The only use of Sanskrit I saw was on religious occasions. The Hindu rituals are all conducted in Sanskrit as opposed to the common language spoken by the local followers.
‘The Mahabharata: Mewari Miniature Paintings by Allah Baksh’, a four volume set was launched today, at the India International Centre. Published by Niyogi Books, the books are authored by Alok Bhalla, a critic and poet and by Chandra Prakash Deval, poet and historian.
While addressing the audience, Chandra Prakash shed light on how the great Indian epic of Mahabharata was first translated into Mewari and then into Sanskrit. “The paintings of Allah Baksh capture Mahabharata in a Rajasthani, particularly Mewari style. They are painted by a Mewari as well,” told Prakash.
He described the paintings as possessing a vibrant quality that, upon viewing, has the potential to bring about a transformative experience, leaving the observer forever changed. According to him, these artworks present the Mahabharata in a manner that is wholly unprecedented.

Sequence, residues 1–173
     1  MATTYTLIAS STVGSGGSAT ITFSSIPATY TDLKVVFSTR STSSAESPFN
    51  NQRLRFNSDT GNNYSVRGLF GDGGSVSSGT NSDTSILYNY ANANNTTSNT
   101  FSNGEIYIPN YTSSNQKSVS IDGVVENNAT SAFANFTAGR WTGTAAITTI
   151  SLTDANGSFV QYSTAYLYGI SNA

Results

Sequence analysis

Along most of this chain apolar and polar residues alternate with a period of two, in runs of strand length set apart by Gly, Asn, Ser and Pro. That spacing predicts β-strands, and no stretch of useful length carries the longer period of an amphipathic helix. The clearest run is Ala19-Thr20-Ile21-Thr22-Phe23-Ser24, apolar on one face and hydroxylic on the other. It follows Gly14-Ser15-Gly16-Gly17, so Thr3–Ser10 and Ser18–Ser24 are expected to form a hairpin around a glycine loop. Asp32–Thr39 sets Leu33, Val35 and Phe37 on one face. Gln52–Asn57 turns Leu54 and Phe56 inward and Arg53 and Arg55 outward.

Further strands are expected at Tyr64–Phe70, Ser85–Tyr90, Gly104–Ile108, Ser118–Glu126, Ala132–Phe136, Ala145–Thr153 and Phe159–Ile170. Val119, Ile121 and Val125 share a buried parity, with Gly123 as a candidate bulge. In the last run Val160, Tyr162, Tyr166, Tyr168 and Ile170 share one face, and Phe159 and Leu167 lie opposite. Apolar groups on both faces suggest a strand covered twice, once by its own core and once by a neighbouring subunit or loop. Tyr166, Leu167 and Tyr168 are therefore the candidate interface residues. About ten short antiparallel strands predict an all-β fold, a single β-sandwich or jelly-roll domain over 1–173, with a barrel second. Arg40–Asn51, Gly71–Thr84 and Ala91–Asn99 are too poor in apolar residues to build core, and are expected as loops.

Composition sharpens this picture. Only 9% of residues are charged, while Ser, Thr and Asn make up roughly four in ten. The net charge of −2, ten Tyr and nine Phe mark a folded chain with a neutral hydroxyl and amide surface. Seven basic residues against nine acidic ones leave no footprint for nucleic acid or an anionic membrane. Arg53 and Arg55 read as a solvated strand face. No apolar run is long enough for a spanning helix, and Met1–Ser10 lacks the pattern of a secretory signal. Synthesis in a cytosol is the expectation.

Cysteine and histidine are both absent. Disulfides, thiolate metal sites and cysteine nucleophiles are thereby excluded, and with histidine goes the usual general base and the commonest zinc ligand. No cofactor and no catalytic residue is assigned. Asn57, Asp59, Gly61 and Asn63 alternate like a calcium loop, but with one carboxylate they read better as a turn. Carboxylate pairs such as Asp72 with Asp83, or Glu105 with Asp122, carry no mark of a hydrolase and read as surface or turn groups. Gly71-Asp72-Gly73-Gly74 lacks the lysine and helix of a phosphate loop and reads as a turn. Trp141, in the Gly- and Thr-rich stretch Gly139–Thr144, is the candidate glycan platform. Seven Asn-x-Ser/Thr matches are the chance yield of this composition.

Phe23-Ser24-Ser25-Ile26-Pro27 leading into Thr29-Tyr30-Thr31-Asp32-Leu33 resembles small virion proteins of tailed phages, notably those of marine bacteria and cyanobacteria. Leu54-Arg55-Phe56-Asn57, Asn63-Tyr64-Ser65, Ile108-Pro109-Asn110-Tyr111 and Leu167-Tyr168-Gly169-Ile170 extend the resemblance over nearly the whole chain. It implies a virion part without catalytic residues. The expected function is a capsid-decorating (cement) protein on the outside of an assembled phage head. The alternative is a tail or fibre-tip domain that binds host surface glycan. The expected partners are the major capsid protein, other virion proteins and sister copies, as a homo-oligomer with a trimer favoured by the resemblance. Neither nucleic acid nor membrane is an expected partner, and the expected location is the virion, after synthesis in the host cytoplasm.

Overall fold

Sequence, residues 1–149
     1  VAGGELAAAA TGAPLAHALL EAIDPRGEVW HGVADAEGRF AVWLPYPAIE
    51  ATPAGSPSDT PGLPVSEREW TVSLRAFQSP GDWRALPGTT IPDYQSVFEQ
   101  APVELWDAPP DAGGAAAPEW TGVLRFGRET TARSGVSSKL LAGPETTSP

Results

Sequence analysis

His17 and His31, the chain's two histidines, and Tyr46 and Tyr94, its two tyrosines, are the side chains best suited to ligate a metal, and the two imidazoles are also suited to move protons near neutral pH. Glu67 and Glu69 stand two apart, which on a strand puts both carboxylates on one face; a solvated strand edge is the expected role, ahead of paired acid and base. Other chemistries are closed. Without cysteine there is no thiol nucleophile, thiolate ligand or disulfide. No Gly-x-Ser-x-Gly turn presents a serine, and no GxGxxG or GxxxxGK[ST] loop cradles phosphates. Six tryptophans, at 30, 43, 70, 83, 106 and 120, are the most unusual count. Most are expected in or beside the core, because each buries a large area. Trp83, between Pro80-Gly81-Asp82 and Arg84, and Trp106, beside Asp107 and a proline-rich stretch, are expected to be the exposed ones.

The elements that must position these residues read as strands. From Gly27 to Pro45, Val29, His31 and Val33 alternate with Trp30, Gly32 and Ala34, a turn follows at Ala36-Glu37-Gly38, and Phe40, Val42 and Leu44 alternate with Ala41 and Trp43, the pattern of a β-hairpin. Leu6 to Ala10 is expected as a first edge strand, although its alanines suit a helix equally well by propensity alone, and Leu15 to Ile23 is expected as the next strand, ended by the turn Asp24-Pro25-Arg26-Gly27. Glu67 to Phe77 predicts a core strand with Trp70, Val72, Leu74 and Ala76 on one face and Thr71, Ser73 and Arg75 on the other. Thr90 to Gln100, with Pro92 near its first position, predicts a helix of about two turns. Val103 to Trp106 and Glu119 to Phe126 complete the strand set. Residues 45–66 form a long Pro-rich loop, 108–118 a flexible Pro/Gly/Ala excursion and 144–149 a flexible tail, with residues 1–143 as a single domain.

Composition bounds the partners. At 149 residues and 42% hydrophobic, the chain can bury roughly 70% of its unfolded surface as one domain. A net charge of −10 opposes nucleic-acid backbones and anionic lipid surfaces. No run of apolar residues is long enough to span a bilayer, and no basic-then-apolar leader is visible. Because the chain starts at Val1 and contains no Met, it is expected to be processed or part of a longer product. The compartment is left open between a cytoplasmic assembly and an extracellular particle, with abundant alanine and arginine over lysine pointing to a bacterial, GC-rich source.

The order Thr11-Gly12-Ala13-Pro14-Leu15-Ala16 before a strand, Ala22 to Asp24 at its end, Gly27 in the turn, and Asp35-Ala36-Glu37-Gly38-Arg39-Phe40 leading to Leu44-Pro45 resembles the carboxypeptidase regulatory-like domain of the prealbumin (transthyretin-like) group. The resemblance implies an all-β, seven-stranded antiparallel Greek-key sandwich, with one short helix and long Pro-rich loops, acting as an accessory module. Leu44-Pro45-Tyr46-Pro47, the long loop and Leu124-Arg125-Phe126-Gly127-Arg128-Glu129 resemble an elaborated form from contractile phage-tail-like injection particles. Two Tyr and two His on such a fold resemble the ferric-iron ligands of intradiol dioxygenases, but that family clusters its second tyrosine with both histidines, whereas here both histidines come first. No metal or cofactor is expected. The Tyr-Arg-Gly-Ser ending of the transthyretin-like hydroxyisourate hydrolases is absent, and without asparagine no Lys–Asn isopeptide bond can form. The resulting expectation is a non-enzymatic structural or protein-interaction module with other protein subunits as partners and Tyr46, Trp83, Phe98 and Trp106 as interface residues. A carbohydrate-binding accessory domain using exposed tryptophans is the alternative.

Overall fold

These artworks were created between 1680 and 1698, commissioned by Maharana Jai Singh of Udaipur. This collection comprises almost 2000 paintings, carefully chosen from a larger folio of 4000.
Alok Bhalla, in his admiration for Allah Baksh’s creations, remarked that these paintings offer a soothing visual experience. He noted, “The construction of these paintings allows for diverse perspectives and interpretations, as humans are inherently resourceful beings.”
Instead of showing strong heroes and spiritual pride, the paintings of Baksh focus on the pain that the creatures of this Earth experience when they fail to fulfill their dharma.